Awful Pedestrian Shaming Campaign Gets the Smackdown It Deserves

Montgomery County, Maryland, used this ill-considered poster to blame pedestrians who are hit by cars. Photo: Montgomery County
Montgomery County, Maryland, thought this was a good public safety message. Photo: Montgomery County

This PSA from Montgomery County, Maryland, has got to be one of the all-time worst examples of pedestrian shaming. The young girl with tire treads across her face, it’s implied, was struck and killed by a driver because she was “wearing black.”

The message was the county’s response to two recent pedestrian fatalities. According to the county, police will be ticketing drivers, pedestrians, and cyclists who break laws. The victim-blaming posters combined with the everyone-gets-fined approach to enforcement tells us this “safety campaign” won’t make pedestrians any safer.

On Twitter, Colin Browne succinctly summed up what’s wrong with Montgomery County’s approach:

Can Montgomery County replace its campaign imagery with Colin’s version?

  • Fred Campbell

    Pedestrian shaming? Give me break me break. Yeah you can wear whatever doesn’t change the fact dark clothing at night you harder to see and it’s certainly something that I try to avoid doing if I’m riding at night

  • jd_x

    It’s problematic because they are doing this *instead* of addressing the root cause, which is dangerous roads that prioritize motorist convenience over the safety of all others. Sure, pedestrians could light themselves up like Christmas trees, but the fundamental problem here is that is not the *root* cause and when you address it at the expense of the root cause, then you are victim blaming.

  • Joe Linton

    Last time I checked dark clothing was still legal in much of these United States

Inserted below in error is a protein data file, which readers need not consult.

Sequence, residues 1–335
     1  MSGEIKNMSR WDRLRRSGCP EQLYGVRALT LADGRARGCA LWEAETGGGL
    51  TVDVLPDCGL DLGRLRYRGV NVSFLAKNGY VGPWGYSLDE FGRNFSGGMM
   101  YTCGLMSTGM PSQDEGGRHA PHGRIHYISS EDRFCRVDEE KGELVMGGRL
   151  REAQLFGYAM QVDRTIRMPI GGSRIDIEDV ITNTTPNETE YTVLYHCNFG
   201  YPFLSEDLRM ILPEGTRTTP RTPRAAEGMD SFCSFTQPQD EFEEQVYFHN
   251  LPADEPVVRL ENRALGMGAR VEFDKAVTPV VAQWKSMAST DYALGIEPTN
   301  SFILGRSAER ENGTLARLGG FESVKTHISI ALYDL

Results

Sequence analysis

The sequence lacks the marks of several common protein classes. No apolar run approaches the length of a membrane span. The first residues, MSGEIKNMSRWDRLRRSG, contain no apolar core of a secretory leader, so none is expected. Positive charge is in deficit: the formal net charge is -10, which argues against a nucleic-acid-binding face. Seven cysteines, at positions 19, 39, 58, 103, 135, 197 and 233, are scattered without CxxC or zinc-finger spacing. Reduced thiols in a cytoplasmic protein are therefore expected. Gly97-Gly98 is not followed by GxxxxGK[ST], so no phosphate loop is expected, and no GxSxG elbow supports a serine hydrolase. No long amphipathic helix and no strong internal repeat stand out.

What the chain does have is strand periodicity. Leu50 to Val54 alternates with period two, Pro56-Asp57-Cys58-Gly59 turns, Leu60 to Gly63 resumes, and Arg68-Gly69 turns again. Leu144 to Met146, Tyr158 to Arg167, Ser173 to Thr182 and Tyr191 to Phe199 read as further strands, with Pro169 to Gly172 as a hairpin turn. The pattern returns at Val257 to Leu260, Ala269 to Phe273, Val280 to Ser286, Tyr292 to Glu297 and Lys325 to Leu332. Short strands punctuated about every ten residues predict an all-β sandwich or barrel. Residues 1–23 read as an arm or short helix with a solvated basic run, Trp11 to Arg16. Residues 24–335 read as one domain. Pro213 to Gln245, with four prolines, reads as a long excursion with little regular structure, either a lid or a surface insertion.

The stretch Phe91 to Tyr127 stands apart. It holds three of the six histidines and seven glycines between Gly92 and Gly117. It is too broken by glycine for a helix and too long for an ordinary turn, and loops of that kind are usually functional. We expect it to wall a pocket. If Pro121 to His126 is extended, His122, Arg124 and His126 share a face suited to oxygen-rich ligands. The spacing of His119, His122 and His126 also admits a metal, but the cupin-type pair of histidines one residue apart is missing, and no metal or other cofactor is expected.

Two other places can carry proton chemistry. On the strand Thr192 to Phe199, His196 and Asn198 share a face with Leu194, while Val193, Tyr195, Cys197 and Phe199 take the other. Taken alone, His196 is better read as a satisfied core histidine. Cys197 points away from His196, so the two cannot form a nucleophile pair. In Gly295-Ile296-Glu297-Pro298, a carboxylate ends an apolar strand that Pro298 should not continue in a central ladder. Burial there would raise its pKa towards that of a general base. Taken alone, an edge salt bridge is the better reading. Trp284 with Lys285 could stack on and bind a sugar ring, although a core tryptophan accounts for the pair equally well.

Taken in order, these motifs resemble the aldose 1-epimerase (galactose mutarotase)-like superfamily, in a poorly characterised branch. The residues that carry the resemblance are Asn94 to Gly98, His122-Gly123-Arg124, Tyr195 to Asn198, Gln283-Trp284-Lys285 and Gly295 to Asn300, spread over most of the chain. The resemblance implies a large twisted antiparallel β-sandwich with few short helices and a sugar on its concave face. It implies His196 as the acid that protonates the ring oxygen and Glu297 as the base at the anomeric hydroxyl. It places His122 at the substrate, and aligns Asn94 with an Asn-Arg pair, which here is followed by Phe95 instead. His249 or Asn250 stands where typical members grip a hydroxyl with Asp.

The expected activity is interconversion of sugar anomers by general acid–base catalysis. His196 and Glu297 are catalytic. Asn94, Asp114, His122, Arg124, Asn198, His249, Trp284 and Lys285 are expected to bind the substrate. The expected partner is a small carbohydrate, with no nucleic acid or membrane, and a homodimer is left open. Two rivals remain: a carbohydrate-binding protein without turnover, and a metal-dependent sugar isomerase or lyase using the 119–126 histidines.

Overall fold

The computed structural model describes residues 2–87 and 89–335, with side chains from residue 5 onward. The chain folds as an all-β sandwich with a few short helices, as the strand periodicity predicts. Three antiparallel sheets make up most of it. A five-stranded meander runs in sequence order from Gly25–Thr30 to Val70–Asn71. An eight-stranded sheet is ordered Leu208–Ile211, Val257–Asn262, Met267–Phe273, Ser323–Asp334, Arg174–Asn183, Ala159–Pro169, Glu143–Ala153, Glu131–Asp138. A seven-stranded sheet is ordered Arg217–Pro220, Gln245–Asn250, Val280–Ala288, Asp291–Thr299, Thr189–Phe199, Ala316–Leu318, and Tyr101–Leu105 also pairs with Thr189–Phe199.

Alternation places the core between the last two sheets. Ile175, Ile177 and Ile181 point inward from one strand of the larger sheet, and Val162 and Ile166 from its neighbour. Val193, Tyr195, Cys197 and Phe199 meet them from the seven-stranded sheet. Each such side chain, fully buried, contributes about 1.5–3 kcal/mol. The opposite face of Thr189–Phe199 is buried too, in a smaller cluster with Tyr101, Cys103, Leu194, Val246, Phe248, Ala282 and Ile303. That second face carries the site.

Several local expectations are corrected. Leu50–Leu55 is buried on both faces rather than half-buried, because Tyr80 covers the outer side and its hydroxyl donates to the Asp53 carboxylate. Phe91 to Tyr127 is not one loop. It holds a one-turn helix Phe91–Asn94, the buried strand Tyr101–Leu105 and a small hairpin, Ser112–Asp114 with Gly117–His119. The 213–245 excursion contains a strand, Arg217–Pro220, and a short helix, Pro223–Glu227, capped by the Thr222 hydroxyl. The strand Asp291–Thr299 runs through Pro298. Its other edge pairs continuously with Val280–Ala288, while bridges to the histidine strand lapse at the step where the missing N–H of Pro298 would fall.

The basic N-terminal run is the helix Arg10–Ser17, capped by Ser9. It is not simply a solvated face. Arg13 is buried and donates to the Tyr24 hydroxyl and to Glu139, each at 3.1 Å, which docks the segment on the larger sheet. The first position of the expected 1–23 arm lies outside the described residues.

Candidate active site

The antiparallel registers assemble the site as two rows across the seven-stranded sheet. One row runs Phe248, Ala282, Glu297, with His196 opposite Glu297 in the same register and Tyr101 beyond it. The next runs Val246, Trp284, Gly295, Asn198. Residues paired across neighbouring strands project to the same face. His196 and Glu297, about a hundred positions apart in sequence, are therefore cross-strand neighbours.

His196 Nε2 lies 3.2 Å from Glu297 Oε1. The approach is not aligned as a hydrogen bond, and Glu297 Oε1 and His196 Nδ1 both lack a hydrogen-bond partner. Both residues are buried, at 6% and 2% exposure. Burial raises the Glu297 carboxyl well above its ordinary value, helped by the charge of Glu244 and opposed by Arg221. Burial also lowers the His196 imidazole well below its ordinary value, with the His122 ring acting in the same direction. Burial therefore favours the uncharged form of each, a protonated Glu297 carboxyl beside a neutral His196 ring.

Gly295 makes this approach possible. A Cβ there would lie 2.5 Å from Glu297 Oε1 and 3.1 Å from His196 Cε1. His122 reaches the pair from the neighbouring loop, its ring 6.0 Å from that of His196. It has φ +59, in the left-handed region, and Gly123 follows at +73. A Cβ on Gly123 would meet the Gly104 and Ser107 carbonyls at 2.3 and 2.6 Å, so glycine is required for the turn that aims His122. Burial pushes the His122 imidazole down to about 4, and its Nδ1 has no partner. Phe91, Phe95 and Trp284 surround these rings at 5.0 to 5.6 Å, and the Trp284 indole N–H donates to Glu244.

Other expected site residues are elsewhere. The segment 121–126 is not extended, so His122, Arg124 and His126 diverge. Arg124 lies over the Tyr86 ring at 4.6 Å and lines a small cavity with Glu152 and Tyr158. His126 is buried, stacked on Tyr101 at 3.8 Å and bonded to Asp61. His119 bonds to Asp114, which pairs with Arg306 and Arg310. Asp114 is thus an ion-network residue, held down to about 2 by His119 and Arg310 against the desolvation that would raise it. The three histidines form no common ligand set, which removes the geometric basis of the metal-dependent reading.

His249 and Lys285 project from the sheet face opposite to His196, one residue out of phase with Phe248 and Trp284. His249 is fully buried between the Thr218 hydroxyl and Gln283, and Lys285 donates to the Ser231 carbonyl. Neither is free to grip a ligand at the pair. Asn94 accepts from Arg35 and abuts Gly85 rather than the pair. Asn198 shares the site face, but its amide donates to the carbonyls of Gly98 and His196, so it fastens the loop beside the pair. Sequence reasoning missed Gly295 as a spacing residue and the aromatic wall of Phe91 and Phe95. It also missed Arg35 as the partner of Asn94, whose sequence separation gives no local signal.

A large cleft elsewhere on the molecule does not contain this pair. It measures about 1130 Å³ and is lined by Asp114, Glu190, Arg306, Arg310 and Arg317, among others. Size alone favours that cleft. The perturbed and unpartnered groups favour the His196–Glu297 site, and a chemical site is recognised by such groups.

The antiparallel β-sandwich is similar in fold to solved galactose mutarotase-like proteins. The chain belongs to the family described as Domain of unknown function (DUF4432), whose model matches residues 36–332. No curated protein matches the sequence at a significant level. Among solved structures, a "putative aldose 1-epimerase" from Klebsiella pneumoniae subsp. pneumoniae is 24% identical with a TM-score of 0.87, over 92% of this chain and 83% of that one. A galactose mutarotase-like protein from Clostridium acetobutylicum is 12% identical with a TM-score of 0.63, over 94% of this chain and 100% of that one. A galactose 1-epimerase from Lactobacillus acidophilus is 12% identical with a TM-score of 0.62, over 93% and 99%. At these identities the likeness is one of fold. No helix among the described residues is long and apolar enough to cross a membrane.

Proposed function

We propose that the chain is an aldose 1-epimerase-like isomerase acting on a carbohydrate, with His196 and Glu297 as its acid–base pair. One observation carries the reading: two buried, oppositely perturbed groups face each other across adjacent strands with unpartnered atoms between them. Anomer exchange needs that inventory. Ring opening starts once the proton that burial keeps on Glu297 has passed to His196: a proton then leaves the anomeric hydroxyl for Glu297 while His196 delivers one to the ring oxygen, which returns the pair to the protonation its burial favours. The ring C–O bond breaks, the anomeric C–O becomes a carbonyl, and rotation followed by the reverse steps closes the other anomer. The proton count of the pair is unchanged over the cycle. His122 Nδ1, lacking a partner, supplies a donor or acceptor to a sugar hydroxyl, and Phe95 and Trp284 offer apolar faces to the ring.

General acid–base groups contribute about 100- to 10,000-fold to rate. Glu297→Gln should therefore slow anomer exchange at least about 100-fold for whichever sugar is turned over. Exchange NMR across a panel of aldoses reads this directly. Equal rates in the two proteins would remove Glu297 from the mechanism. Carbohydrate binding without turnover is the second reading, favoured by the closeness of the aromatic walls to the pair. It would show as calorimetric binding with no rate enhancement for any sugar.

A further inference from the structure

• Jason

    Your “instead of” point is really the crux of this. If you’re trying to fix the problem, and advise people in the meantime to try to think about being visible, that’s one thing. It’s quite another thing if leave it at “well you shouldn’t have been wearing dark clothes at night” and do nothing to address driver end of things.

  • Jacob Wilson

    Things that automobiles have taken from us:

    1. Vibrant streets
    2. Vast swaths of land as parking
    3. The environment
    4. Public health
    And now….
    5. FASHION!

  • dawdler

    It’s an inadequate response. Victim shaming? I don’t know about that.

  • Larry Leveen

    NHTSA says light-colored clothing isn’t very helpful. p.8 – 34. I think it’s about being massive enough for a motorist to see. How about safety illumination, narrow/safer crossings and lower vehicle speeds for greater reaction time AND less deadlier results when collisions DO occur.

  • davistrain

    Perhaps if everyone who walked at night in poorly lighted locations wore high-visibility garments like construction and railroad workers it would point up the fact that some pedestrian areas are as hazardous as job sites and train yards. Whether that would “shame” the powers that be into restricting automobile and truck traffic and requiring lower speeds would be the next question.

  • Light-colored clothing isn’t helpful, but reflective clothing is.

  • SDGreg

    It’s not harder to see if streets aren’t horribly designed with inadequate lighting.

  • SDGreg

    If I’m going to be forced to wear reflective clothing because of dangerous street design, there’s going to be a really rude message visible within it.

  • Leo

    As a resident of Montgomery County and a student at Montgomery County Public Schools, it continues to shock me that a county that tries to encourage higher densities and public transportation runs these ads, which are usually placed in schools and at bus shelters. All this does is show suburban teens, who already consider walking, biking, and public transportation an option for those without a car, that they are dangerous activities that should be avoided at all cost. In addition, it doesn’t teach them, the demographic with the highest risk of getting into a car accident, that pedestrians need to be respected on the road.

  • 503F

    Agree. And If the hazard to persons from walking dictates that they ought dress like construction workers in high hazard areas. Then traffic fines ought to double everywhere, the same way they do in work areas.

  • Pete

    True, especially when drivers are using headlights, paying attention, and going an appropriate speed to allow safe response. Ironically my most reflective clothing is black, which I’m sure the police report will note when I get run down:


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